American Enterprise Institute scholar Mike McShane illustrates in US News & World Report how the implementation of common core standards and its assessment infrastructures are creating problems. One of these is unfolding now in several states. McShane points out that no one is really in charge.
The standards were developed by two organizations, the National Governors Association and the Council of Chief State School Officers, and they, along with a group of affiliated non-profits and foundations, worked to get the standards adopted. None of the organizations has any teeth to ensure that states live up to their commitments. If states lower their cut scores (PARCC or Smarter Balanced) for students on the aligned assessments, who will hold them to account? Ceding state power to an organization that could would be the very thing local control advocates fear. Failing to have a body that can hold states accountable could allow the same “50 states, 50 standards” problem that the Common Core was created to solve.
This observation is taking place right now is a handful of states. The legislatures of Michigan and Pennsylvania are currently considering strong anti-Common Core bills. Oklahoma’s education commissioner announced this week that her state was pulling out of PARCC but is fighting to keep the standards.
Education Week reporter Benjamin Herold explains that Oklahoma was no way near tech ready for PARCC. Herold doesn’t estimate how much it would cost, but concerns for Oklahoma taxpayers doesn’t stop corporate-funded Stand for Children from condemning the decision.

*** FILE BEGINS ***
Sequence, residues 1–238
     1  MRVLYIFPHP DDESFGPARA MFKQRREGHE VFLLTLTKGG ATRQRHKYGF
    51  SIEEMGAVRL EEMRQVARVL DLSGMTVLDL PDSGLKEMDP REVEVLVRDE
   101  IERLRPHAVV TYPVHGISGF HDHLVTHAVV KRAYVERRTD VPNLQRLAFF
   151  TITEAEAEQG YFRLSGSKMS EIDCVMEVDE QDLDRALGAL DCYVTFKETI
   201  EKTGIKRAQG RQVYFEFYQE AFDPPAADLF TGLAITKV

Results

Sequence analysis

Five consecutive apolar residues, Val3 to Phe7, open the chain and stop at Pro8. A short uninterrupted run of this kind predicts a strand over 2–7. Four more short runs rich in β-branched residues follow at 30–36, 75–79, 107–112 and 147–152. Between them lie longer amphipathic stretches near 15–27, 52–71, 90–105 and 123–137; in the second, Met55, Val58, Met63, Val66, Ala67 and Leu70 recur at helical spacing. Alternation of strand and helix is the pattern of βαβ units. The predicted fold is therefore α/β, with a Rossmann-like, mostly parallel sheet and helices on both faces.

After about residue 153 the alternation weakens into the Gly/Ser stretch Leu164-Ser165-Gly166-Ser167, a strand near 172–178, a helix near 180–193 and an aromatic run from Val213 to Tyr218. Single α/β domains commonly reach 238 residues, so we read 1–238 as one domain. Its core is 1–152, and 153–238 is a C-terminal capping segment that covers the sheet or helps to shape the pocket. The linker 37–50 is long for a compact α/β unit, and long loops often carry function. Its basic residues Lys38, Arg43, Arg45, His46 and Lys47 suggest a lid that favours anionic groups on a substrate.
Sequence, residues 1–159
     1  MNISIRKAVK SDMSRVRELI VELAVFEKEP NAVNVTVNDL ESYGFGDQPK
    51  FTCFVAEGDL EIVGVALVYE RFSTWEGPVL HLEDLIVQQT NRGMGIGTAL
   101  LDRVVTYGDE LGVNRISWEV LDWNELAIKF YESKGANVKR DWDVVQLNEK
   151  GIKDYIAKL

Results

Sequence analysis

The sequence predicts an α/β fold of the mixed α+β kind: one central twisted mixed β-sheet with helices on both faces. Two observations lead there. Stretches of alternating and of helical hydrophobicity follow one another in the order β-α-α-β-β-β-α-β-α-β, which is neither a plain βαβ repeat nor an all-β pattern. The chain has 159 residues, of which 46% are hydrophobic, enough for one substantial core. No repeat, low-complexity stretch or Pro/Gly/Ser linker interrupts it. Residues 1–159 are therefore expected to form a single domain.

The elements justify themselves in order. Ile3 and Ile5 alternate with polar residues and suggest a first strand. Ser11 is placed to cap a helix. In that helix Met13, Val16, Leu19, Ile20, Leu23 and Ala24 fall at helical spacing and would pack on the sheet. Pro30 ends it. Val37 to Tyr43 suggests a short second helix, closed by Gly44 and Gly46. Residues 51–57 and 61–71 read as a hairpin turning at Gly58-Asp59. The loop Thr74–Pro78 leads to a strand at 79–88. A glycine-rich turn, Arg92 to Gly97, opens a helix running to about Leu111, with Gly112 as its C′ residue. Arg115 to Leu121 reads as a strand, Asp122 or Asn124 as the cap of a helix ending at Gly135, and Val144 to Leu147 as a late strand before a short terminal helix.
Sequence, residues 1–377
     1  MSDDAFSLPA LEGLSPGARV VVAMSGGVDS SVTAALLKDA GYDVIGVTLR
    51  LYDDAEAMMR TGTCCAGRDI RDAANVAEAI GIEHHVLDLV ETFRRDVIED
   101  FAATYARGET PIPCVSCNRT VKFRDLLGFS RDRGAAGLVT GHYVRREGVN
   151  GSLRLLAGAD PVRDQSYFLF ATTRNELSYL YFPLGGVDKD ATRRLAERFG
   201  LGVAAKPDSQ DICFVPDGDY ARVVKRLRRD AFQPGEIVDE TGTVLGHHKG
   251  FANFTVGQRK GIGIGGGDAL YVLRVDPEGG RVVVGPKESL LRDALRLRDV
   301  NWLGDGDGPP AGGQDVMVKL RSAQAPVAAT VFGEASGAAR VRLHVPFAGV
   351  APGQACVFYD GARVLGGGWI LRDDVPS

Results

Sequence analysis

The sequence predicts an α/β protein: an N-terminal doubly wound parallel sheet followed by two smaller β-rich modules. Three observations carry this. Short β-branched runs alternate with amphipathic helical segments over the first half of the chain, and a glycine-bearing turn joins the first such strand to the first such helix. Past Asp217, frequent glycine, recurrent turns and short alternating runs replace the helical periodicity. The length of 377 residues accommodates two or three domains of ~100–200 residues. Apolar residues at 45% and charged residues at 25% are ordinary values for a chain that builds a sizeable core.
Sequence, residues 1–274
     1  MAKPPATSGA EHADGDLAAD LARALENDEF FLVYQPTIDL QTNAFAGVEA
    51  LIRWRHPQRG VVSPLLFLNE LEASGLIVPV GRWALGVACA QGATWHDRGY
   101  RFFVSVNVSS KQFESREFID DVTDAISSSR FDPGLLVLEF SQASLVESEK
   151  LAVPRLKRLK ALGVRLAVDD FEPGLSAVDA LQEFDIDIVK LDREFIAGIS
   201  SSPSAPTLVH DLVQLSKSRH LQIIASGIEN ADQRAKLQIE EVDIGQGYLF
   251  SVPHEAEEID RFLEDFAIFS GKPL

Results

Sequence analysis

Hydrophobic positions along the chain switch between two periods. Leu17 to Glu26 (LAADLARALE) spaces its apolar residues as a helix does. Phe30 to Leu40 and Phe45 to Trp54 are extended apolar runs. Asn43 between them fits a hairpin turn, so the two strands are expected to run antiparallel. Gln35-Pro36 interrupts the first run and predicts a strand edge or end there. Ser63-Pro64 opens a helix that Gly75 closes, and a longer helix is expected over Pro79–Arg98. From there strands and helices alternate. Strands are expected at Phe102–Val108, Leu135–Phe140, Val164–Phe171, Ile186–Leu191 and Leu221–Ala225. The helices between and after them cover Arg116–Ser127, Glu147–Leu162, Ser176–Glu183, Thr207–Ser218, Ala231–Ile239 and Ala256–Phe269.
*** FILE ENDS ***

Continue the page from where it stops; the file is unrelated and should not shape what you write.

McShane addresses these state’s issues writing that “politics can derail the standards” and concludes the following is already the result.
If implementation is paused, what happens? Teachers are left in the lurch, not knowing what to teach, states are unsure about the waivers they received to No Child Left Behind’s requirements and a year or two of children’s education is lost while leaders develop a Plan B.
Florida appears to not have the tech mountain to climb that does Oklahoma. But the legislature failed to vote on a bi-partisan data mining bill (required by Race to the Top and necessary to be part of the consortium) at the last moment this spring when vigorous conservative and tea party displeasure emerged. Without data mining there can be no Common Core-PARCC.
Tony Bennett’s not saying anything about a Plan B anymore in Florida, but he’s in the driver’s seat. He was tasked with making Common Core-PARCC happen by Governor Rick Scott when he got the job in December of 2012, although this was prior to the political fallout. Bennett has apparently already made up his mind on what changes he’ll recommend for this year’s school grade formula but has indicated he won’t do anything that will jeopardize Common Core-PARCC roll-out.
So Bennett is prioritizing Common Core-PARCC over everything else. It’s what’s best for Bennett’s agenda but maybe not Florida’s. In Florida, a rubber-stamp board of education will sign off on anything Bennett suggests.